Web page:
Often referred to as the GBGV or Grand, the Grand Basset Griffon Vendéen is a shaggy, active, and independent scent-hound from France. In fact, the rough translation of its name is very descriptive of its appearance: Large, low, shaggy dog of the Vendéen (a region of France).
The GBGV was originally developed to help hunt deer, boar, and other large game, but today, the GBGV's sweet, happy personality, and relatively calm demeanor make it the perfect pick for an active family or families with other dogs. The GBGV is pack dog, so he or she will thrive in households with multiple dogs.
Because the Grand Basset Griffon Vendéen was bred as a working dog, they have higher energy levels and exercise needs. Like all hounds, the Grand Basset Griffon Vendéen loves to follow his or her nose, so a fenced-in backyard or large, enclosed exercise space is a must; they have the tendency to bark loudly and frequently; and they can be stubborn, so obedience training beginning in early puppyhood is vital. Although the Grand Basset Griffon Vendéen is a smaller dog, they're not recommended for people who live in apartments or smaller spaces. If they aren't adequately exercised, they become bored and destructive.
Height: 15.5 to 18 inches at the shoulder
Weight: 40 to 45 pounds
Coat: Rough, scruffy, and shaggy with extra length around the eyes and chin; double-coated breed, the Grand Basset Griffon Vendeen has a long, rough outercoat and a soft, thick undercoat.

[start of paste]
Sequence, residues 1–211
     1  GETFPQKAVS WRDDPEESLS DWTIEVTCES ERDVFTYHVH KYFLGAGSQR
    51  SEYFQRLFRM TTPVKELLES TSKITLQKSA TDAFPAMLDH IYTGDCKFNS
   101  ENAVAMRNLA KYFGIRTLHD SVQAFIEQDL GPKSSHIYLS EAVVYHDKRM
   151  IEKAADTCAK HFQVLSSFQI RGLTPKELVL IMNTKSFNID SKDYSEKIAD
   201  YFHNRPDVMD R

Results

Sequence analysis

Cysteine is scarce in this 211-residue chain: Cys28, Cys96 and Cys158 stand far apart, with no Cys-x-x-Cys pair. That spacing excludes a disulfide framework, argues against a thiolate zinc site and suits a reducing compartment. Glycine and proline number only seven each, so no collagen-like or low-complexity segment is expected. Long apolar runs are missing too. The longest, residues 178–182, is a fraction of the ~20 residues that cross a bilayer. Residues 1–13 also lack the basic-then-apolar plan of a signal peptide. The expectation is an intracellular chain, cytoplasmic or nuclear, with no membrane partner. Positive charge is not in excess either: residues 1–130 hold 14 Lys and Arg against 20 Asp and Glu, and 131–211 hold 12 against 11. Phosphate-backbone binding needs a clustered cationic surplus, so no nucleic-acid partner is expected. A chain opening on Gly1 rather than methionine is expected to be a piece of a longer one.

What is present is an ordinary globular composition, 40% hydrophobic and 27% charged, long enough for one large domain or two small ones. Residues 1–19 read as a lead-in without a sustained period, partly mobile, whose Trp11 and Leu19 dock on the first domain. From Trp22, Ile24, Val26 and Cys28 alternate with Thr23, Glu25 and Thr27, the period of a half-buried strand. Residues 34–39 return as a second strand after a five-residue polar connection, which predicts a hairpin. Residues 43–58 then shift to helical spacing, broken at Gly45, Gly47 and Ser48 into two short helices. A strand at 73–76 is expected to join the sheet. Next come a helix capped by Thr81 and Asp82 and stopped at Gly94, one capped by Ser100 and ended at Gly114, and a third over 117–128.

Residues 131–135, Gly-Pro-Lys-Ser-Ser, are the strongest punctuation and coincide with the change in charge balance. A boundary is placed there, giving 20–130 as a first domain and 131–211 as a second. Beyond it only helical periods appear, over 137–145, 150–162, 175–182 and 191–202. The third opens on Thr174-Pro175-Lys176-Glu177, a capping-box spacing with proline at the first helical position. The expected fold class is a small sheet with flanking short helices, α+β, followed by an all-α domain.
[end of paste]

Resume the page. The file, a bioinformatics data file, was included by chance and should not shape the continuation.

Coat Color: A variety of colors, including tri-color, yellow, orange, black, and sable
Life Expectancy: Typically 13 to 15 years
Characteristics of the Grand Basset Griffon Vendéen
|Trainability||Low to Medium|
|Intelligence||Medium to High|
|Tendency to Bark||High|
|Amount of Shedding||Medium to High|
History of the Grand Basset Griffon Vendéen
One of the four Griffon Hounds developed over centuries, the Grand Basset Griffon Vendéen was originally bred in Vendéen, a region in France, sometime during the 16th century, to help hunters track and take down game. Despite their smaller stature—GBGVs typically weigh between 40 and 45 pounds fully grown—they were able to take down larger game, like boar and deer, in addition to smaller prey.
For many years, the Grand Basset Griffon Vendéen was interbred with the Petit Basset Griffon Vendéen—and they were considered a single breed. In fact, the Club du Basset Griffon Vendéen, the official organization of Griffon Hounds from Vendéen, established the same breed standards for both the Grand and the Petit. Eventually, in 1909, the club reassessed the breed standards and recognized the Grand and Petit as two distinctive breeds.
Over a century later, in 2018, the Grand Basset Griffon Vendéen was officially recognized as a member of the Hound Group by the American Kennel Club.
Grand Basset Griffon Vendéen Care
Because they were bred as working dogs in harsher conditions, the GBGV is a fairly low-maintenance dog in terms of grooming. They only need to be groomed once per week with a slicker brush and comb, and can be bathed as-needed.
Like all breeds, it's important to examine and clean your dog's ears on a weekly basis. You can gently remove dirt, debris, or waxy build-up with a soft, clean, cotton cloth or pad. Cotton swabs aren't recommended, as they can damage the delicate inner-ear structures. If your dog's ears are excessively dirty, red and inflamed, or smell funny, contact your veterinarian ASAP. These may be signs of an ear infection.